NACHOS (Not Another Completely Heuristic Operating System) was a miniature Operating System developed in UC Berkley for to teach University students about operating systems.
NACHOS worked on a simple concept that if you teach students about OS using a simplified minature version, they would be able to at least understand how a modern OS works. This would allow them to go onto greater things such as Linux Kernel Hacking : )
In the 1996/1997 academic year, the DCU Computer Applications department decided to use NACHOS to teach the CA Operating Systems course for the first time. As it was the first time it was to be used, only one part of the NACHOS system was going to be used - the one dealing with threads and processes.
The NACHOS course has a heavy emphasis on C programming (NACHOS is written in C++ but programs/modules are in C). NACHOS also requires that people write parts of the system in C++ to prove they know how it works (and therefore pass the exam).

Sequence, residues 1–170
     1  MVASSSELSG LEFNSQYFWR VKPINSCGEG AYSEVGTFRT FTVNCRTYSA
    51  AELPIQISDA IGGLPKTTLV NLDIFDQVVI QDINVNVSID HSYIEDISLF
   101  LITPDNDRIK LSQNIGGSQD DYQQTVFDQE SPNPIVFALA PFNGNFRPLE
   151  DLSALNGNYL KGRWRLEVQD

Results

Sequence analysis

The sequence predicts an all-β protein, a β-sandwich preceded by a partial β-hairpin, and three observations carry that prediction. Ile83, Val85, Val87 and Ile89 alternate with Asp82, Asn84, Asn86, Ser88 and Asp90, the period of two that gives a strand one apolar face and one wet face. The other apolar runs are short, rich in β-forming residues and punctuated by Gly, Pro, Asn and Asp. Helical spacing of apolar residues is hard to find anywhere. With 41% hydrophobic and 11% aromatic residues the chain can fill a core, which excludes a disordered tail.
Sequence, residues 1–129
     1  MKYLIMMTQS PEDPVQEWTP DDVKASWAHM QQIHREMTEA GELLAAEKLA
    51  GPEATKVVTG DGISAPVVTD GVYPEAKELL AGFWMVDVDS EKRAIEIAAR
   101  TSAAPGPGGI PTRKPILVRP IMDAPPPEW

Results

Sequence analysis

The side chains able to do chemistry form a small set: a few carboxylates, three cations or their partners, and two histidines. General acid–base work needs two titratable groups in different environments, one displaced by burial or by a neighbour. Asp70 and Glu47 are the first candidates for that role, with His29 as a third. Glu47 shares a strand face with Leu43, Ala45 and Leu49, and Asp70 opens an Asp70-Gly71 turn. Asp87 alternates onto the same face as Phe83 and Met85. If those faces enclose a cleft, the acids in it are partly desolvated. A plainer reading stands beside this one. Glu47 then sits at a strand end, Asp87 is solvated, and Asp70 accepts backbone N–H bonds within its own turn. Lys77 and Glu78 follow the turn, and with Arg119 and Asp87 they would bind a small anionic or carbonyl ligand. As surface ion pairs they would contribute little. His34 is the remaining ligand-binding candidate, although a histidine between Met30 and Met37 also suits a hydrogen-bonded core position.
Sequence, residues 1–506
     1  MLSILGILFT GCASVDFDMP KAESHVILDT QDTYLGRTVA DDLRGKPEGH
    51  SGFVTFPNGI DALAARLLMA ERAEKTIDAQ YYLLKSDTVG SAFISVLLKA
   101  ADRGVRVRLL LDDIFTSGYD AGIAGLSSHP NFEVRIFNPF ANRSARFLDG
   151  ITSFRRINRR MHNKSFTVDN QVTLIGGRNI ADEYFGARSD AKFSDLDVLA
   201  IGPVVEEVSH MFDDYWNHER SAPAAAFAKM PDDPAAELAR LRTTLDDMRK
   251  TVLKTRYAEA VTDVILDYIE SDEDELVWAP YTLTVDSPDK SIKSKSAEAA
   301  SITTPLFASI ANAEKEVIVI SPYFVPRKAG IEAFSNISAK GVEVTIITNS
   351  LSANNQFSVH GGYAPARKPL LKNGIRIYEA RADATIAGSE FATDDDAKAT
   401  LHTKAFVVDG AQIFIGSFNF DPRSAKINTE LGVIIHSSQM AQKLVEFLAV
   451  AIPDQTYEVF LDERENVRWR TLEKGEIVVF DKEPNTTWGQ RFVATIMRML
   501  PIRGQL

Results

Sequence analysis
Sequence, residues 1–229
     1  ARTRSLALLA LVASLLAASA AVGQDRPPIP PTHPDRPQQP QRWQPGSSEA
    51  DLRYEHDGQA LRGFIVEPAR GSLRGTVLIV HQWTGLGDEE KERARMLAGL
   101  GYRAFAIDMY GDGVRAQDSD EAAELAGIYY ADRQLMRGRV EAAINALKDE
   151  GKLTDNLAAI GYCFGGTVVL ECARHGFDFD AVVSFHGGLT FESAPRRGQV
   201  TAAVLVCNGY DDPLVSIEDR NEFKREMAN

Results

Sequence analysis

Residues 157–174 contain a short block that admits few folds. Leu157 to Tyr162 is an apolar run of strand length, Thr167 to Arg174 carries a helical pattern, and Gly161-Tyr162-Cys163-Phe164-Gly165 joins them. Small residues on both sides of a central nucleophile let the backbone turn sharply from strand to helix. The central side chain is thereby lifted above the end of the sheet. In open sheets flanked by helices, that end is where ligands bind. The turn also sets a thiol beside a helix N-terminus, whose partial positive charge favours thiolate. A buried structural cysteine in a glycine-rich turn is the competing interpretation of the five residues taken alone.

Unfortunately, CA students never learn C (just a hybrid of C++ and fecky little diagrams), which made the NACHOS lab exams a complete disaster. The first exam has a miserable pass rate of 6 (yes SIX) students. There were multiple repeat exams and parts of the course were left out, allowing almost all students to (eventually) pass the OS course.
NACHOS is sadly a thing of the past. NACHOS was dropped in 1998/1999 in favour of a new OS course, after 2 years of continuously poor results. NACHOS is without doubt one of the biggest missed oppertunities of the CA course. It had the potential to teach students about the inner workings of an OS, while giving them experience in C programming/debugging and using a UNIX system.
--The Artist Formerly Known As Spinal
Originally from the Encyclopedia